When I was teaching grad school I was blessed with an incredibly diverse classroom. Students from Thailand, Saudi Arabia, China, Russia and dozens of other countries roamed the hallways of our department.
For years I had been battling with ways to communicate to this audience. We teach, speak and write in English, but for some of my students, English is their second (or third or fourth) language. The lexicon of an industry is a unique language as well. They are trying to master English and simultaneously develop a vocabulary of these other words. No small feat.
I asked one Chinese woman how she hears my questions. “I hear English, translate to Mandarin to see if I got the context right, then respond in English.” Wow. That’s incredible. It gave me much more empathy in how I explained things. No idioms. No slang. Clean English. That’s hard for me too.
What a joy my class must have been. A dozen writing and analysis assignments, plus a multi-thousand word final paper. For an international student, this was and is a unique challenge.
I couldn’t give them a bunch of low-stakes assignments and pass them through the program. We had to figure it out.
One of our in-class activities was to identify companies in various stages of their lifecycle (at the time):
Youth: Coinbase, Robinhood
Maturity: Facebook, ESPN
Decline: Nokia, Blackberry
The students paired up. One of the teams was a Chinese woman and an American man. I watched them attempt to collaborate, trying to determine which companies fit into these categories. It seemed to be, standing by listening to them, they were talking but not communicating.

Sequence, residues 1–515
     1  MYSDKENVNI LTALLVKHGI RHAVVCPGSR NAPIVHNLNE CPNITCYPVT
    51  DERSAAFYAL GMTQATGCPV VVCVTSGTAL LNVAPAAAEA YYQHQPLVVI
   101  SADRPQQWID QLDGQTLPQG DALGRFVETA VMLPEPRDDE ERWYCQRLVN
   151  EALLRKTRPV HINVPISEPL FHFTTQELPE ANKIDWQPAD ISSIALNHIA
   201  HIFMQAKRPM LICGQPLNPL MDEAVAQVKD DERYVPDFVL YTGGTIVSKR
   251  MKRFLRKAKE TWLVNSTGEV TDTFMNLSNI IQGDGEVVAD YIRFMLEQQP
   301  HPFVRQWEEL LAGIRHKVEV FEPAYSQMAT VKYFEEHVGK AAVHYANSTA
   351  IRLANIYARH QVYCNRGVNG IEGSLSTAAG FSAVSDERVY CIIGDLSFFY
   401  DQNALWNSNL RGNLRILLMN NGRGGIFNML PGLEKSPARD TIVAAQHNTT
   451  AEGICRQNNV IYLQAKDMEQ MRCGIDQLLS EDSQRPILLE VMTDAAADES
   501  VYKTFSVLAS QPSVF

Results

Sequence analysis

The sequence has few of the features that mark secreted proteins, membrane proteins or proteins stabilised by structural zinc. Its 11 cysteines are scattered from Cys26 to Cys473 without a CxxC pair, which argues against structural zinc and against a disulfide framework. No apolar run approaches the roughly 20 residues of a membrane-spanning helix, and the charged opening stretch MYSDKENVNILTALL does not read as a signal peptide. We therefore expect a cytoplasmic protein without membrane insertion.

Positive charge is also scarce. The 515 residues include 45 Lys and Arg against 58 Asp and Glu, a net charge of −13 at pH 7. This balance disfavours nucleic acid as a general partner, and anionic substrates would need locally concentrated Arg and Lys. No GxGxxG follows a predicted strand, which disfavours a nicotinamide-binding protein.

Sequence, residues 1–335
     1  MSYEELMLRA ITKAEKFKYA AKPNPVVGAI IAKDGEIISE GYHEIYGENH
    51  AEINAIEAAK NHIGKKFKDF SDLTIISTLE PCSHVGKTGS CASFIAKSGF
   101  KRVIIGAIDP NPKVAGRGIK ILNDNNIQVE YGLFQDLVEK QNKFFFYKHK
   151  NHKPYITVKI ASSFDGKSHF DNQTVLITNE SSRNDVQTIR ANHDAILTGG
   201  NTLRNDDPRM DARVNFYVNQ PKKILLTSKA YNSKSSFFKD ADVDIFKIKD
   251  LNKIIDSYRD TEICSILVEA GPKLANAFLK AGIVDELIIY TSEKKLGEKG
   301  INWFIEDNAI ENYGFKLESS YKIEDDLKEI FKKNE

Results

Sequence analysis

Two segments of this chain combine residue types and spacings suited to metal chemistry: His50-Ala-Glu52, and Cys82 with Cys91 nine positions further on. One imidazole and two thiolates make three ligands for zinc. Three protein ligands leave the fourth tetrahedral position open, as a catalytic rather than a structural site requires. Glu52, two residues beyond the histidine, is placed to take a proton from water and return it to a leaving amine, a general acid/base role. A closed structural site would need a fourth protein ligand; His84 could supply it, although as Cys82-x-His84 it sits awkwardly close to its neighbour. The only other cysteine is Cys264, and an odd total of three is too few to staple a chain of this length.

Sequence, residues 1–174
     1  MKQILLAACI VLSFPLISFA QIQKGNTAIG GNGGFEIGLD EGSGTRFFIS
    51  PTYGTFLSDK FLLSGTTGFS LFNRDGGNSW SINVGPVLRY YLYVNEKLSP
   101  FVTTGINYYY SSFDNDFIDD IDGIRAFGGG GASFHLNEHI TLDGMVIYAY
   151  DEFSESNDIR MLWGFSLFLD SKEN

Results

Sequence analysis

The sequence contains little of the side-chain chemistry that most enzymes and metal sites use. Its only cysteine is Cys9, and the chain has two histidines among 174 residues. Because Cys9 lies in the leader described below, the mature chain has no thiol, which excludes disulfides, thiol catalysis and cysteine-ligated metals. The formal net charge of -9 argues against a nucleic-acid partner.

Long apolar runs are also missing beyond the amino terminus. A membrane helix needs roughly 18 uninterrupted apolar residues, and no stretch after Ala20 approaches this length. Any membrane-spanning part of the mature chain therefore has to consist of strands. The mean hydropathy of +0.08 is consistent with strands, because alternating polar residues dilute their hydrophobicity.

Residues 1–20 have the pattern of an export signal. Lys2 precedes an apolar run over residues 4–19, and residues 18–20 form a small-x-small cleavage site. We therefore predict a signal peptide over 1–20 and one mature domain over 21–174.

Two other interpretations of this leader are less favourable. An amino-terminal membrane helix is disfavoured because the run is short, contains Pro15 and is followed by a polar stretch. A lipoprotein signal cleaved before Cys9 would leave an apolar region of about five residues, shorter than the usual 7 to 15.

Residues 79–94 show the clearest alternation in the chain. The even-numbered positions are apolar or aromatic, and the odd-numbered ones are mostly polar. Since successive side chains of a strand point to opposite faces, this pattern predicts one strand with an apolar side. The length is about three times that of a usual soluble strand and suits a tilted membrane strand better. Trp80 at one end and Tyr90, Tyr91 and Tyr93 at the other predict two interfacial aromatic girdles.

I approached them and said, “Tell him what you use in China. Tell HIM what’s big at home. Tell HER what’s happening in the Bay Area right now.”
All of a sudden, the two had a lot to say…in English.
ESL students spend entire semesters feeling somewhat dumb, I fear. Every day they are being corrected. We ask them to say something and:
1) They might not know the exact words they want to say
2) They have all eyes on them in class
3) I’m standing there, waiting for them to process the question, translate it, then utter a cogent response.
They rarely got to display their intelligence! They hardly ever get to sound smart.
I came up with a better challenge. I told them to speak their native language with a fellow student, if they can.
If nobody understands what a word exactly means (in the context of our media class), we cannot possibly analyze it.
I used the word (no surprise) “reinvention” in a lecture yesterday, talking about how Microsoft was reimagining almost everything it does, moving away from software to devices and services.
I asked the room what it means to invent something. Silence.
I told them to find a word in Mandarin or Arabic that might be similar, and say the word out loud to each other, not in English but in their native language.
A student raised her hand.
“It means to create something new. So reinvention means…to create again.”
Now we knew what that word did for our discussion. All of a sudden, students were talking! They knew exactly what Microsoft was up to. Now we were learning, and we were learning it in English, among ESL and native speakers.
Go to your local taqueria tomorrow and ask for eggs served upon lightly fried tortillas and topped with a chili sauce. We know the word huevos rancheros, but I wonder if we can string together all the other words needed to greet our server and politely request this delicious breakfast – in Spanish.
The ESL students, when asked to recite concepts and methods in their native languages, breeze through it. When they try to explain the same thing in English, it might seem they don’t know anything about the subject.
They are much smarter than they might sound to an ear deaf to differences in cultures.
Consider this word exercise. You know how to do things. You are accomplished at performing certain tasks. In what environment can you speak your “language” and impress people?
If we can find the right words, we can do almost anything.
You talk. John listens. Contact him here.